It's a deep fried world

Everything is crispy at this Lemon Grove fish and chips spot

The fish and chips and chicken combo at Chef John's Fish & Chips
  • The fish and chips and chicken combo at Chef John's Fish & Chips

They say the sun doesn’t set on the British empire, but what I think they really mean is there’s never a time of day that a British-styled pub isn’t open somewhere on the planet, serving fish and chips. You’d almost think they’d invented the stuff.

Chef John's Fish & Chips

8047 Broadway, Lemon Grove

Fish and chips are arguably the most celebrated plate of all British cuisine, which, let’s be honest, needs all the hits it can get. But England mostly just put deep fried fish and potatoes together and gave them a snappy name. The pairing has fantastically global history.

Even asparagus gets fried in tempura-like batter.

Even asparagus gets fried in tempura-like batter.

First of all, potatoes don’t come from England, or even Ireland. They originated in the “new world,” the Americas, and not any of the parts the British colonized. Now one of the most widely grown agricultural products on the planet, potatoes originated in Peru. But the country that grows the most these days is China, and it’s not even close. China harvests more than twice the potatoes of the country in second place, India. In case you wondered, Peru is number 17 on the list.

While we’re at it, the French didn’t really invent chips, a.k.a. French fries. Those came from Belgium, where the practice of frying fish was put on hold during the winter, because the rivers iced over. So they fried potatoes instead, and still do so better than anyone.

But their fried fish came by way of the Iberian peninsula, where the Portuguese and Spanish ate fried fish during Lent, when Catholics stopped eating meat. It’s speculated the fish frying grew out of escabeche recipes, which were in turn inspired by vinegar-heavy dishes from the Middle East. So even the British habit of eating fish and chips with vinegar can be seen as a call back.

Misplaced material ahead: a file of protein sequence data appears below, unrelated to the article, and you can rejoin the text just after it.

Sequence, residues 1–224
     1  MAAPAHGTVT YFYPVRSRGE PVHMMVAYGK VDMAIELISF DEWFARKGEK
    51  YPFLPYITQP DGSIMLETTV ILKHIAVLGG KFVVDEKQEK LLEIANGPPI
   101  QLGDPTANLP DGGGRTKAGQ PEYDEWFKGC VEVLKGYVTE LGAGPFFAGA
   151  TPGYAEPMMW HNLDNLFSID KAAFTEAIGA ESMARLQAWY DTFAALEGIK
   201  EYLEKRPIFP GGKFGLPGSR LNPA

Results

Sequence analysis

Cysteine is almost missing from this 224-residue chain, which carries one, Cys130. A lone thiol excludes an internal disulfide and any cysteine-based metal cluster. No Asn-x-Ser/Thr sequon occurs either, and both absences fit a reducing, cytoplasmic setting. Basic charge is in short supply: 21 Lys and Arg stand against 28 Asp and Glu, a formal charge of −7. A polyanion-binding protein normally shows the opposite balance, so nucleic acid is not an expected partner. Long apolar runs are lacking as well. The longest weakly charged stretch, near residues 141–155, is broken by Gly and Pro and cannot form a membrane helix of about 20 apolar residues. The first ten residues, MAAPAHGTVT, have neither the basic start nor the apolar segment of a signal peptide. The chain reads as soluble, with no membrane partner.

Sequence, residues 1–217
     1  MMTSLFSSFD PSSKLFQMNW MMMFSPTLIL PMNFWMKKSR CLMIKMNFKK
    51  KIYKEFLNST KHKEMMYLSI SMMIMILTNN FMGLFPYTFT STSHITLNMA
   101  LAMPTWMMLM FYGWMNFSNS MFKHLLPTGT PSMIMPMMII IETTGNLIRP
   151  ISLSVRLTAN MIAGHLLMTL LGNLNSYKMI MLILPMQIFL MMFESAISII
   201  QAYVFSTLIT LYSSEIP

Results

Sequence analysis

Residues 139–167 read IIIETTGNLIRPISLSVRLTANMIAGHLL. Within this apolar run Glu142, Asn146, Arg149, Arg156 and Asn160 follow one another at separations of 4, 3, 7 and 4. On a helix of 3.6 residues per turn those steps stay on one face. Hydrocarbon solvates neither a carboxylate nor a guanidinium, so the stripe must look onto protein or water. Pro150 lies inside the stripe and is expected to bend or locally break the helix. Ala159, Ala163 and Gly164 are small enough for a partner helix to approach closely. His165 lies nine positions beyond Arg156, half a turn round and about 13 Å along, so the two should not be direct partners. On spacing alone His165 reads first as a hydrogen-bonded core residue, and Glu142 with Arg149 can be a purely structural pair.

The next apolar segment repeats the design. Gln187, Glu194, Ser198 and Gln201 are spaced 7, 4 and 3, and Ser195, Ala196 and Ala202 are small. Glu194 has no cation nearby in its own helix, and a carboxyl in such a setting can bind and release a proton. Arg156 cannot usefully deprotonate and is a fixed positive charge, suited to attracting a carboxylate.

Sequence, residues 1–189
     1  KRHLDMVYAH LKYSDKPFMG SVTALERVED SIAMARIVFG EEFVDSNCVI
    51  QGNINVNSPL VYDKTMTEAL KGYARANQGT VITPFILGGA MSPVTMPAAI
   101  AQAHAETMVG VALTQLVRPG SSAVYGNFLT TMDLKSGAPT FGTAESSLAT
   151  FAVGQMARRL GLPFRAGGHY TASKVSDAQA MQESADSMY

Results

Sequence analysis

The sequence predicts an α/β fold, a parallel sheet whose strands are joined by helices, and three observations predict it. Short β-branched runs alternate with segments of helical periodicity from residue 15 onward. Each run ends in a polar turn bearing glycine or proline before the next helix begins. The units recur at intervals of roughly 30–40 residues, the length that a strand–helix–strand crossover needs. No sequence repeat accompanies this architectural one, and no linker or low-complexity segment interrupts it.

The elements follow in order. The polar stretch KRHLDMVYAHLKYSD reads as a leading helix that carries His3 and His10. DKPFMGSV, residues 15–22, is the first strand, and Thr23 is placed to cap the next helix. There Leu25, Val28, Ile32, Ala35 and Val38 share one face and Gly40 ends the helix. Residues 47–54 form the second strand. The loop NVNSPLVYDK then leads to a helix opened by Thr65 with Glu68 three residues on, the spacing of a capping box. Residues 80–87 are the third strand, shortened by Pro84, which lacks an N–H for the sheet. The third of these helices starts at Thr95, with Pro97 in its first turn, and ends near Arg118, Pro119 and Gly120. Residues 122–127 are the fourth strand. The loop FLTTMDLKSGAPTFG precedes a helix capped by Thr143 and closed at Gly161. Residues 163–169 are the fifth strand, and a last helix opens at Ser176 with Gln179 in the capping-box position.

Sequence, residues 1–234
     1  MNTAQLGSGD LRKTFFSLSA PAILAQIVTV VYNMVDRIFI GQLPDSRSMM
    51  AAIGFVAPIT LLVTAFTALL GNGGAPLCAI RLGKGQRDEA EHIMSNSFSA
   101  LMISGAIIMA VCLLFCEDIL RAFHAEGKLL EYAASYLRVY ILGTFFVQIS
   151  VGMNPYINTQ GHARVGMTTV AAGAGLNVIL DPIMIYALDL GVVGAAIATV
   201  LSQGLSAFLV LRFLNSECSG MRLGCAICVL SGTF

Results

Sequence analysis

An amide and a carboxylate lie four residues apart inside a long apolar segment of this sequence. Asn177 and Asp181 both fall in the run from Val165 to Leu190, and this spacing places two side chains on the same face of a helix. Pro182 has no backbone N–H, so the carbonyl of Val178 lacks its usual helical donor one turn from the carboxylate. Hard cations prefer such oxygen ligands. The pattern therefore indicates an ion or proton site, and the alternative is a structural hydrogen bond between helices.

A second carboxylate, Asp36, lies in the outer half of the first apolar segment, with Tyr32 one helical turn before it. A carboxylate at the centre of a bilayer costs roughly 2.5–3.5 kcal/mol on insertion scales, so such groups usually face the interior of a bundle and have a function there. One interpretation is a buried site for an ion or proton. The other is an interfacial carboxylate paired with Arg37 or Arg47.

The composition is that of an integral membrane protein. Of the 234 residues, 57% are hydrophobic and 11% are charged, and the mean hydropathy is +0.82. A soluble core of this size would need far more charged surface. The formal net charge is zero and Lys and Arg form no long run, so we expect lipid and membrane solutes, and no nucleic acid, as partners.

Meanwhile, around the world, the Japanese learned to batter and fry fish from the Portuguese, who were the first Europeans to trade with the island nation. The Japanese fried food tradition of tempura takes its name from tempora, the Latin word for time used by the Roman church in reference to Lent.

I bring all this up because I went for a fish and chips meal at Chef John’s Fish & Chips in Lemon Grove, and it defied expectations. Anticipating British pub fare, I instead found a converted fast food restaurant that is owned and operated by a Korean couple. Chef John is really chef Jong Eum Bae, and though he claims not to know the word panko, his mastery of a fryer goes without question. His fried cod, shrimp, and other seafood feature a beautifully light and crispy batter crust that more closely resembled tempura than fish and chips.

Of course, we know the traditions aren’t that far apart, and the condiments at Chef John’s include tartar sauce as well as vinegar, so let’s call it a worldly little counter restaurant. Just don’t expect to find many options that aren’t deep fried. Along with standard fish and chips for $7.99, You can get a fried fish and chicken (and chips) combo for $11.49, or double down on the sea with fried oysters, clams, calamari, or scallops.

The French fries themselves prove perfectly crisp, and even asparagus gets the tempura-like treatment. The sun never sets on eating healthy, right?

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I almost just ate the photo, it looked so good.

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